It’s an event everyone, including the organizer, approaches with apprehension, dread; perhaps even a touch of fear. It’s the regularly scheduled work meeting. Historically dry and boring, yet generally regarded as a necessary evil, meetings have become something we suffer through rather than look forward to. “Death by meeting” has even entered the professional vocabulary as a way to describe the disappointment felt by those forced to endure a regular diet of face-to-face or teleconference snooze fests.
But it doesn’t have to be this way.
Meetings can, and should, be one of the most engaging and productive activities your team partakes in. Planned and conducted appropriately, meetings can serve to educate, inspire, and even motivate the team. As a result, they can perform more efficiently collaborate more readily, and produce more quickly. But to be successful, meetings with the team must receive the same care and attention as a meeting with a highly prized client or prospect.
Over the next couple of weeks, I’m going to explore some of the elements that make up good meetings. Today, let’s start by cutting away the fat. Here are three kinds of meetings you shouldn’t even be having in the first place.
- The meeting held for the sake of having a meeting. I once worked with an executive who insisted on having quarterly management meetings. Every couple of months he would gather up his core team to decide on a date, time-frame, and venue. He would send out an email announcing the meeting to the organization’s management structure to ensure it was on everyone’s calendar. Then, after everything else was set, he would frantically solicit ideas for filling the agenda.
Regularly scheduled meetings aren’t necessarily a bad thing. One function of a well-designed meeting is to provide an opportunity for people to bond, network, and further the relationships that smooth the way for work to happen. But simply having a meeting because “we haven’t had one in a while” is never a good idea. It speaks to a lack of organization and focus. When a meeting begins as a blank slate of time that has to be filled, you wind up latching onto anything that will get the job done. If attendees are regularly subjected to ill-prepared speakers who have little or nothing to offer because they were dragged in to fill a 15 minute slot, then you’ve missed the mark.
Meetings should be created as a result of something meaningful that needs to be accomplished. There has to be a purpose behind gathering people together and pulling them away from their regular jobs. In other words, have a reason to meet before you call a meeting. If one doesn’t exist, don’t schedule it.
- The meeting held without an agenda. Why do managers insist on scheduling a meeting without an agenda? I can’t tell you how many times I’ve been summoned to a meeting without the vaguest notion of what’s going to be discussed. Without any expectation, people are left to fill in the blanks and can assume any number of things will take place. Most of them turn out to be wrong.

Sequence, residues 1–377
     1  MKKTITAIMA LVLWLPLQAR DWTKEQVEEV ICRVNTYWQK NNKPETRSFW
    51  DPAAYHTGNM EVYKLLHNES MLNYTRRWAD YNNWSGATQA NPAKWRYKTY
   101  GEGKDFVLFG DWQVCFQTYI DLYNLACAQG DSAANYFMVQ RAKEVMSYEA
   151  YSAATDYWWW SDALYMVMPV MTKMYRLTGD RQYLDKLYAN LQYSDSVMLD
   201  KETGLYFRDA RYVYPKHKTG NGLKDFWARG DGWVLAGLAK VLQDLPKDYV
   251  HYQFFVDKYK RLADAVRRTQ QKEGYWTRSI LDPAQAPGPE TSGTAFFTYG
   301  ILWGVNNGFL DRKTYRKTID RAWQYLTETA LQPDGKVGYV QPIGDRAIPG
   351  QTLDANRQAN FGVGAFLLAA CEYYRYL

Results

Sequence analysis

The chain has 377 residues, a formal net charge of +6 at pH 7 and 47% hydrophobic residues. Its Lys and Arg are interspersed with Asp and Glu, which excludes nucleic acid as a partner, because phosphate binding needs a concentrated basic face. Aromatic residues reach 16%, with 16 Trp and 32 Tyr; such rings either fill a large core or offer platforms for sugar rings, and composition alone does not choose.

Having an agenda helps people prepare. It allows the organizer to construct a meaningful flow of discussion from one topic to the next. It helps attendees prepare, if only mentally, for what they’re about to experience. It helps structure the meeting so that discussions are less likely to veer off-topic and keep people focused on the same objective. If you’ve decided that a meeting is necessary, then an agenda should be a given. Line out the topics and expected outcomes before sending the meeting invitation. Then be prepared to follow the agenda that you’ve prepared.
- The meeting that should have been an email. I recently had to stay after work for an all-employee meeting. No one knew what it was about, so everyone made wild guesses while grumbling about having to work late. It turns out that the purpose of the meeting was to announce a new program that was so simple an email would have sufficed. The team was gathered for only 15 minutes while the manager read from a piece of paper that could and should have been distributed to the staff instead.
Meetings should be reserved for advancing the team’s understanding in a way that only group interaction can accomplish. If the topic you plan to cover at your meeting is so simple that an email could convey the information, then just go that route. If there’s additional work to be done – work or discussion that can’t best be handled via email – then structure your meeting to accomplish that. Send the email in advance, but refrain from going over the same information again.
Time is a limited resource. We have to use it wisely. Make a point to avoid wasting time – yours and the team’s – by eliminating some unnecessary meetings from the calendar. Use the time and energy saved to make the occasions when you do come together that much more meaningful and effective.
JOIN THE CONVERSATION:
Have an opinion on this post? Share your thoughts on our facebook page.